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Old 02-19-2011, 04:03 PM   #1
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Garage renovation/vaulted ceiling & removing "ceiling joists"


So in order to gain some precious, usable hang out space to our tiny house I've decided to build out the 18x18 stucco garage. Previously the garage had giant, sliding barn doors that didn't work anymore. First step, I built up the floor off the concrete slab, removed the doors, framed in the extra on the sides and installed 150" patio sliding doors all the way across the front. I wanted to maintain a little bit of a tool/shop area in the back, So I framed a wall about a third of the way into the space and have plans to drywall it. This wall is floor to roof. Up until this point, there were 3 true 2x4 "ceiling joists" running across the garage from left to right. These sparse "Ceiling joists" as I'm calling them, were sitting on top of and nailed to the top plate of the left and right walls . There were also 2 2x4's running from front to back that were nailed into the left to right 2x4s. This all created a very flimsy grid of support. When I framed the wall 5' from the back, I tied the front to back 2x4s into the newly framed wall and cut off the remaining 2x4 that was running into the space I wanted to renovate into hang out space. This still left 2 of the three 18' 2x4s that run from left to right across the space. My question is this: now that I've built a wall that supports and is tied into the roof and walls across the back third of the garage, do I need these 2 saggy (previous to my work saggy) 2x4s that run from left to right? I understand that they are there to keep the walls from pulling away from each other, but with the addition of the framed wall, the closure and framing of the previous wide open front and drywall on the lower walls, am I providing enough structural support and can I remove the 2x4s running left to right to create a vaulted ceiling? What are my options?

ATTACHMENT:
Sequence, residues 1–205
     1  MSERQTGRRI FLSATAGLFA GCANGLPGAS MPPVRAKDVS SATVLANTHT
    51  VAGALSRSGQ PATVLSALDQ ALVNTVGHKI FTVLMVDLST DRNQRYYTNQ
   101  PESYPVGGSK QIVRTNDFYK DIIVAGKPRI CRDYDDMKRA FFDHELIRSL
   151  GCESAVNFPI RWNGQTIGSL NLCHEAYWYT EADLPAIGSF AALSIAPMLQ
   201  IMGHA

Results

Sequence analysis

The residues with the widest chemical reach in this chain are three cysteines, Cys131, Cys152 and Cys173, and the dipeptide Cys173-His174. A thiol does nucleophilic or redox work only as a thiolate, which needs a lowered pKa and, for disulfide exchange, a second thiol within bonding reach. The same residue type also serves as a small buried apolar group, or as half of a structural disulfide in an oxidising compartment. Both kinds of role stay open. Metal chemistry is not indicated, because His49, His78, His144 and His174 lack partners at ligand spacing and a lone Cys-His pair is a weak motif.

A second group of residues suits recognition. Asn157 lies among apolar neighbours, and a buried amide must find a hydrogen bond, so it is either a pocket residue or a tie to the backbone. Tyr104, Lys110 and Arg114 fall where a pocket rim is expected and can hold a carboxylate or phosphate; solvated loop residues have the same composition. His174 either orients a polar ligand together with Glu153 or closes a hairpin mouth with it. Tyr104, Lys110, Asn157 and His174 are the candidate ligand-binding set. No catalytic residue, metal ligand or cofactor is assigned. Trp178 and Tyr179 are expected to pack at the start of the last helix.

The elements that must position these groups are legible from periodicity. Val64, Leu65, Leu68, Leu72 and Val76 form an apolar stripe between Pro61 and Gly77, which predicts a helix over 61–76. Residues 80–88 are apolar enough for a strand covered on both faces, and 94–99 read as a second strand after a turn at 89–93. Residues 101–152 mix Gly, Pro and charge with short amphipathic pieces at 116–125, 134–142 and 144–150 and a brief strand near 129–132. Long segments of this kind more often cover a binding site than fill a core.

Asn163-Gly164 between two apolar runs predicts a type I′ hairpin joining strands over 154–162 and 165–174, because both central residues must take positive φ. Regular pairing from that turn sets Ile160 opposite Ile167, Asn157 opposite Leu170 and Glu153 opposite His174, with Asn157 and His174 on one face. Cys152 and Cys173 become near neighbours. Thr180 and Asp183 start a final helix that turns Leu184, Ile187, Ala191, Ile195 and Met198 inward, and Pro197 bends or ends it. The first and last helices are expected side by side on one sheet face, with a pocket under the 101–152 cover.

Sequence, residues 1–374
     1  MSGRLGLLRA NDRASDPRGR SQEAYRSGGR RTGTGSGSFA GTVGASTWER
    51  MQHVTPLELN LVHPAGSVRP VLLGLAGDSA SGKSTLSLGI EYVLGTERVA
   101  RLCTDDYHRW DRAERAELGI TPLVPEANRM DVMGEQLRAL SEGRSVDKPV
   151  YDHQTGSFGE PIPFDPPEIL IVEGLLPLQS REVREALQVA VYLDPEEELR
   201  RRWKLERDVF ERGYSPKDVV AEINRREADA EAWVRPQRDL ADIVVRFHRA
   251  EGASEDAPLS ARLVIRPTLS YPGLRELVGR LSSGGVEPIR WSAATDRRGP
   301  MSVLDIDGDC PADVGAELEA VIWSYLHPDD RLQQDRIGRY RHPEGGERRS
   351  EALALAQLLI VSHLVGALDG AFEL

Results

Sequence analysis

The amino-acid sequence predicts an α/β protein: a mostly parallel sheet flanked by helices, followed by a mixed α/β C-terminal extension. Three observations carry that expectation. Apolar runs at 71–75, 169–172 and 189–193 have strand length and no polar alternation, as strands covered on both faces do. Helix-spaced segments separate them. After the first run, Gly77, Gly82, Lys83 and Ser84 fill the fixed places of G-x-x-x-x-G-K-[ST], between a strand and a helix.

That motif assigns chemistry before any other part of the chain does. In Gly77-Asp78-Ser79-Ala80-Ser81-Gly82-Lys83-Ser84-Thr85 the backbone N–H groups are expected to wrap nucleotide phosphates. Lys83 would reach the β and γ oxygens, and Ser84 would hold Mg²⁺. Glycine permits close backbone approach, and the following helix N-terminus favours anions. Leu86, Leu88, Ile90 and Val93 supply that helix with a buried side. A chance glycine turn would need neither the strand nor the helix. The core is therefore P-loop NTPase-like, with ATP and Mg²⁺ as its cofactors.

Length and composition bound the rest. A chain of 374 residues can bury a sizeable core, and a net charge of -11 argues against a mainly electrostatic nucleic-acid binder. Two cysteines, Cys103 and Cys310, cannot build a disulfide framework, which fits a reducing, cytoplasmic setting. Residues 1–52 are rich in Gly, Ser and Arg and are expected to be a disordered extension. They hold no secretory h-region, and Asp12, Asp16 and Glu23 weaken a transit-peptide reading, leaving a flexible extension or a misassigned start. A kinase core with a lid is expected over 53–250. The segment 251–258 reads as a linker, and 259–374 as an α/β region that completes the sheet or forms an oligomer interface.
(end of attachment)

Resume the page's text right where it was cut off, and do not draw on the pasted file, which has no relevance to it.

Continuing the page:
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Old 02-19-2011, 04:16 PM   #2
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Garage renovation/vaulted ceiling & removing "ceiling joists"


No, you cannot remove those. Your one wall is not adequate to restrain the spread along the entire length of the walls. In fact, from your picture, it doesn't appear as your cross tied wall provides a continuous connection from outside wall to outside wall. It appears there are two boards butted to each other over the stud second from the right. Only if there is a solid foundation under that wall would it be adequate to perform as a load bearing wall so unless you have done that, you need an adequate tie between the two outside walls.

So, without a proper foundation under the wall, you will still have spread as the support compacts.

You can leave those cross ties in place and finish the ceiling as you wish. It just means you will have exposed cross ties in the space. It is often included intentionally like that as an architectural detail. You can box them to make them larger so they appear to be "beams" rather that boards or simply finish them out with some finish of your choice.

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Old 02-19-2011, 04:37 PM   #3
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Garage renovation/vaulted ceiling & removing "ceiling joists"